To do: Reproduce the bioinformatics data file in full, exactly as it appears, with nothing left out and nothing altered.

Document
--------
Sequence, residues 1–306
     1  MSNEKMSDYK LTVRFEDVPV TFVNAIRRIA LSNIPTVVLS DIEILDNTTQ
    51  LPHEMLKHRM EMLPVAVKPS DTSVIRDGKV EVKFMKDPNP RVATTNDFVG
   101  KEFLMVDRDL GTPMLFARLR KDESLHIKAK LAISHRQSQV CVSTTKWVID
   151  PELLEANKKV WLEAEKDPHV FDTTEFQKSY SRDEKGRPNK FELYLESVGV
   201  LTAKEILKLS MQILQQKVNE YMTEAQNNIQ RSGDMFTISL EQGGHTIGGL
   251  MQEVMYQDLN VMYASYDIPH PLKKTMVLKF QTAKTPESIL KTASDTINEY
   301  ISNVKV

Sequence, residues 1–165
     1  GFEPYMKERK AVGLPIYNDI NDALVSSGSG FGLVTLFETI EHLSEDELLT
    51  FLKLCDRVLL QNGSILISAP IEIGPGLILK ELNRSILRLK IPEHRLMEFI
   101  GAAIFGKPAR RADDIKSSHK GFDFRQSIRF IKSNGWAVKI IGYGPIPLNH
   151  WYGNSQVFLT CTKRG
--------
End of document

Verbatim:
Sequence, residues 1–306
     1  MSNEKMSDYK LTVRFEDVPV TFVNAIRRIA LSNIPTVVLS DIEILDNTTQ
    51  LPHEMLKHRM EMLPVAVKPS DTSVIRDGKV EVKFMKDPNP RVATTNDFVG
   101  KEFLMVDRDL GTPMLFARLR KDESLHIKAK LAISHRQSQV CVSTTKWVID
   151  PELLEANKKV WLEAEKDPHV FDTTEFQKSY SRDEKGRPNK FELYLESVGV
   201  LTAKEILKLS MQILQQKVNE YMTEAQNNIQ RSGDMFTISL EQGGHTIGGL
   251  MQEVMYQDLN VMYASYDIPH PLKKTMVLKF QTAKTPESIL KTASDTINEY
   301  ISNVKV

Sequence, residues 1–165
     1  GFEPYMKERK AVGLPIYNDI NDALVSSGSG FGLVTLFETI EHLSEDELLT
    51  FLKLCDRVLL QNGSILISAP IEIGPGLILK ELNRSILRLK IPEHRLMEFI
   101  GAAIFGKPAR RADDIKSSHK GFDFRQSIRF IKSNGWAVKI IGYGPIPLNH
   151  WYGNSQVFLT CTKRG